Things inside the house are different, too. I’ve shown a picture of my water dispenser and some extra bottles of water. People here don’t drink the tap water. I’m told that although the water is treated, there are large poultry upstream of the city, and sometimes the treatment is not sufficient. In our compound, every apartment is equipped with a reverse-osmosis water filter. (When I learned of the cadmium spill making its way downstream along the Pearl River, I ordered ten extra bottles of water, in spite of protests by my housekeeper that I had nothing to worry about because the newspapers reported that everything was under control.) Local people drink the water straight from this filter, but foreigners either boil their water, distill it, or purchase bottled water. We boiled our filtered water until we hired our housekeeper, Song Ying. The first day she worked for us, I told her I wanted to purchase bottled mineral water. Eager to prove herself, she went out immediately and purchased a water dispenser which dispenses hot and warm water. Yes, I said “hot” and “warm.” The Chinese (and most Europeans as well) believe that cold drinks are bad for your tummy. Very bad, no, no! Just today, a Chinese friend told me I must never drink cold tea, because it is so bad for my tummy. Red tea (the kind we call Orange Pekoe which is used for Lipton Iced Tea bags) is one of the kinds of tea which is especially hard on one’s tummy! (Oh, I love to visit the tea market, but that is a story for another day!)
In the kitchen, I’ve shown a picture of my dish sterilizer. We do not have a dishwasher. We wash dishes by hand, then put them into the sterilizer. It uses 120 minutes worth of UV light to kill any germs on the dishes. We do not have an oven, either. Above the sterilizer is my two-burner gas stove. This is quite a luxurious stove. I have been in the home of one Chinese friend who has no kitchen, per se. She has a sink in her living room, and she cooks on a burner on the back porch. Another friend has so little space in her kitchen that the top of her stove has a cover which is designed for use as a cutting board.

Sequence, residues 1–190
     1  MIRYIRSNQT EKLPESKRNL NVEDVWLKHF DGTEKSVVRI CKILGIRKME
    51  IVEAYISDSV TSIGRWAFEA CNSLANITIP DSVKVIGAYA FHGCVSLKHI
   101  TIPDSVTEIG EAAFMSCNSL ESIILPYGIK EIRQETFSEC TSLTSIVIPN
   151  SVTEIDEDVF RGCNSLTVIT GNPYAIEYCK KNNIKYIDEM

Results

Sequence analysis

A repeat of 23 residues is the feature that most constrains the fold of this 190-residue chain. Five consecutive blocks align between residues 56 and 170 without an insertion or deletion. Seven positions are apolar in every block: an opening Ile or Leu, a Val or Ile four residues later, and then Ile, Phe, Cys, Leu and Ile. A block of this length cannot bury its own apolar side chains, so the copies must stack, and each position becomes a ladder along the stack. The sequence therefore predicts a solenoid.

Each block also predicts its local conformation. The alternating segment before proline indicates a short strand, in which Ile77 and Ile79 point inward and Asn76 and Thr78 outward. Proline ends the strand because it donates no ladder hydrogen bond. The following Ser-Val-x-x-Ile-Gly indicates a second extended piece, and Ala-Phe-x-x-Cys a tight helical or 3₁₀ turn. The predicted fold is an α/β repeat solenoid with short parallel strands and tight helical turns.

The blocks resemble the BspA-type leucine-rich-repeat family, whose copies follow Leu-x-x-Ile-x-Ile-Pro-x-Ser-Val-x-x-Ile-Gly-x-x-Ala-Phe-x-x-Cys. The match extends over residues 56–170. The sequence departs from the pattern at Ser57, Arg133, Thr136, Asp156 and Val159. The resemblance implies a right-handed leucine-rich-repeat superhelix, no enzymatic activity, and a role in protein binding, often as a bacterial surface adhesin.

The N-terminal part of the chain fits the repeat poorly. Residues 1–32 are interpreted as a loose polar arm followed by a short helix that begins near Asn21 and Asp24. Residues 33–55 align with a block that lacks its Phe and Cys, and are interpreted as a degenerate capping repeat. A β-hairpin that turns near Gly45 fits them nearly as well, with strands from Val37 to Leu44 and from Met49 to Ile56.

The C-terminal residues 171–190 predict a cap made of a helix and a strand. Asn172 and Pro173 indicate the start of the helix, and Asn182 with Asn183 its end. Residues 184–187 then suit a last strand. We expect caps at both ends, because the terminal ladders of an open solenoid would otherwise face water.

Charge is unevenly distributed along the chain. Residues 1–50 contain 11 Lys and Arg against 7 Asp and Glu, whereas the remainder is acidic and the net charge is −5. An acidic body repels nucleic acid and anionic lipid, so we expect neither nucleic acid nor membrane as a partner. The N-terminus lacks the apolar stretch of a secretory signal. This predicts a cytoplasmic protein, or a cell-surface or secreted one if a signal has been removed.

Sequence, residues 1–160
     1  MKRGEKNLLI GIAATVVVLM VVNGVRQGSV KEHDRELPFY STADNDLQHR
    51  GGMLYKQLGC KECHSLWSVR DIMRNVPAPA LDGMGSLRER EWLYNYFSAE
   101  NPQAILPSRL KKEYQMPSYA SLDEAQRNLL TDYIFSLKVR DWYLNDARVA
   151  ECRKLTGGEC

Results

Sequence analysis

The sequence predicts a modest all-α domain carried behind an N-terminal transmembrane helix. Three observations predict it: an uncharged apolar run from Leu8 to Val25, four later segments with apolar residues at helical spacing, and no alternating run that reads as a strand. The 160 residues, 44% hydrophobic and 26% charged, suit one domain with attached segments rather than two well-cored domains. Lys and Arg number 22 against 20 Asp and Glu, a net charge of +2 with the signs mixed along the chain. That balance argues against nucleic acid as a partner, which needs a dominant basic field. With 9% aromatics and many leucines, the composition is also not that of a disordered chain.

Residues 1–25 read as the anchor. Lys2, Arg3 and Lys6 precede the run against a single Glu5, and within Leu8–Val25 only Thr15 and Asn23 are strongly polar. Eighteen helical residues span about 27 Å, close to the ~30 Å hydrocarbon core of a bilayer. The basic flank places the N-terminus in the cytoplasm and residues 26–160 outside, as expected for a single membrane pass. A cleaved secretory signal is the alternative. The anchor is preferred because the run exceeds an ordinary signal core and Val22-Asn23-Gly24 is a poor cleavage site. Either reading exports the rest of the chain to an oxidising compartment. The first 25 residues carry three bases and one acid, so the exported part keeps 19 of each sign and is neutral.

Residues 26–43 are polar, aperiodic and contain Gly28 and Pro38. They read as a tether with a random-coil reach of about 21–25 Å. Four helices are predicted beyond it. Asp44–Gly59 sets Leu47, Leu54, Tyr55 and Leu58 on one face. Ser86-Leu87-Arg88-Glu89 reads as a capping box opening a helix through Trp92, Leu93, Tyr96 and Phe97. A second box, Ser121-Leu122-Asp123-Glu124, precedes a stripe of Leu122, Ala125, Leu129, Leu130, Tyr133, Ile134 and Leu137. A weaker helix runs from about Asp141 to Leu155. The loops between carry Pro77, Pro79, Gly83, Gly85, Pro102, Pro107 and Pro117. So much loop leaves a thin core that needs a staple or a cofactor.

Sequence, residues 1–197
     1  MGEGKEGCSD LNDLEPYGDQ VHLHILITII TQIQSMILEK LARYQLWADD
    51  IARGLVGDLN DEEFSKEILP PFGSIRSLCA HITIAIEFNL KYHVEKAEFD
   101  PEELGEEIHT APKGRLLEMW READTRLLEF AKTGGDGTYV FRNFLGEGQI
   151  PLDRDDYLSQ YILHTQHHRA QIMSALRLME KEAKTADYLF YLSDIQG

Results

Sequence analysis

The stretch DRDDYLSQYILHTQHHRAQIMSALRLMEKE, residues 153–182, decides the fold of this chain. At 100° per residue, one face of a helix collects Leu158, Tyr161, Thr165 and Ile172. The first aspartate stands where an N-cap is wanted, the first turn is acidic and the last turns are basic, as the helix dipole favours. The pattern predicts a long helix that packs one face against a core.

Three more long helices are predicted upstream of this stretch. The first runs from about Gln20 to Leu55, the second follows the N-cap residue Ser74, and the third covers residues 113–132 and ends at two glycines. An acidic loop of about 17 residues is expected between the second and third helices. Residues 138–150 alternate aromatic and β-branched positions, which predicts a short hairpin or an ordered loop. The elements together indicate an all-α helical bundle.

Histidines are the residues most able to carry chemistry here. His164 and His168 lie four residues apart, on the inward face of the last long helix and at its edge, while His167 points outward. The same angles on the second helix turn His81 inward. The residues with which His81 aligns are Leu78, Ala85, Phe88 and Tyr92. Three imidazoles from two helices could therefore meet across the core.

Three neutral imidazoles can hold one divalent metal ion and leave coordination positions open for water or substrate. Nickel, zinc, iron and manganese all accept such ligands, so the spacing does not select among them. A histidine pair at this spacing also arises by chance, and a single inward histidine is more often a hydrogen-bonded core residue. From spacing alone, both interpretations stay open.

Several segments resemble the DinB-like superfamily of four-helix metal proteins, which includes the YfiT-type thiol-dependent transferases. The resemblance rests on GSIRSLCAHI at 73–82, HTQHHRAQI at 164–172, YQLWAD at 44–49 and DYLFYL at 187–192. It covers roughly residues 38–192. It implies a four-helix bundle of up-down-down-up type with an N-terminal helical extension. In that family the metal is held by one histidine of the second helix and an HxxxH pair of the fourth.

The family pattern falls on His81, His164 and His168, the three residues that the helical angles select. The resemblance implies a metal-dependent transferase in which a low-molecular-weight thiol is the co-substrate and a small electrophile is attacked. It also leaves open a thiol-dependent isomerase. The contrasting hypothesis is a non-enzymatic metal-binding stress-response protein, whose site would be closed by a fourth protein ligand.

Notice in the kitchen that my stove vents to the outside. I had to ask specially for insulation to be placed in the holes for the purpose of preventing bugs from coming through the cracks. Another photograph is of my kitchen ventilation fan. We close the covers to these fans whenever they aren’t running, also so that bugs or mosquitoes don’t come in the house. Each bathroom has a fan like this, as well. Oh, did I mention that our windows have screens, special compliments of our landlady? Most of the houses in my compound do not have screens on the windows. Instead, people leave their windows open and sleep under mosquito nets.
Bathrooms are constructed differently as well. Plumbing in China does not use “S” pipes, so there is nothing to stop sewer gas from bubbling backwards. My personal solution to the problem of sewer gas smelling up the house, when it happens, is to plug the drains and run a full bath (or shower basin), fill the lavatory with water, and then to release the full plugs and flush toilet all at the same time. No one ever told me to do this, but my theory is that all the water would push the gas back in the right direction. It does seem to work. Or sometimes I just light a candle in the bathroom and close the door. Bathrooms are also built differently in general, in our housing compound at least. Showers are not built on a separate drain pan. The entire bathroom, including the floor, has a drain. Imagine my surprise one day to walk in my bathroom to find our housekeeper literally washing the floors and walls with a hose, the water rushing over the tile and then down the drain in the corner of the room.
Once or twice per year, the management office also treats the bathroom drain pipes for cockroaches. Our housekeeper was instructed to plug all the drains with newspaper. Then the management office pumped the pipes all full of fog to kill bugs. Once per month, our housekeeper also puts a germicide down these pipes. I did not know that one should do this, apparently this treatment was begun when SARS was at its peak and people suspected that it might be spread by cockroaches in the plumbing. Knowledge such as this about how to live in China – how to buy water, how to purchase milk, how to clean the drains or to use the washing machine (which has only Chinese characters on the buttons) — is a very significant reason we need a housekeeper.
Speaking of washing machine, we are lucky enough to have one! It has no hot water connection, though. It also has no real “gentle” cycle, and we can’t seem to find good washing detergent. As a result, our clothes wear out in a fraction of the time we would expect, even though they mainly are hung on the roof to dry. Clothes dryers are a rare luxury. Our landlady purchased a clothes dryer specifically at our request, but there is no place for it to vent outside. Originally, the clothes dryer didn’t even have a vent pipe, and on the worst of rainy days it was vented directly into our house, giving everyone an asthmatic feeling from the lint. So I asked the maintenance man to purchase a vent pipe specially for me. It took him a couple of months to find one, but now when we use our dryer we are fortunate to have a vent pipe long enough that we can open a window and hang the vent pipe out the window (which I hate to do when there are mosquitoes out).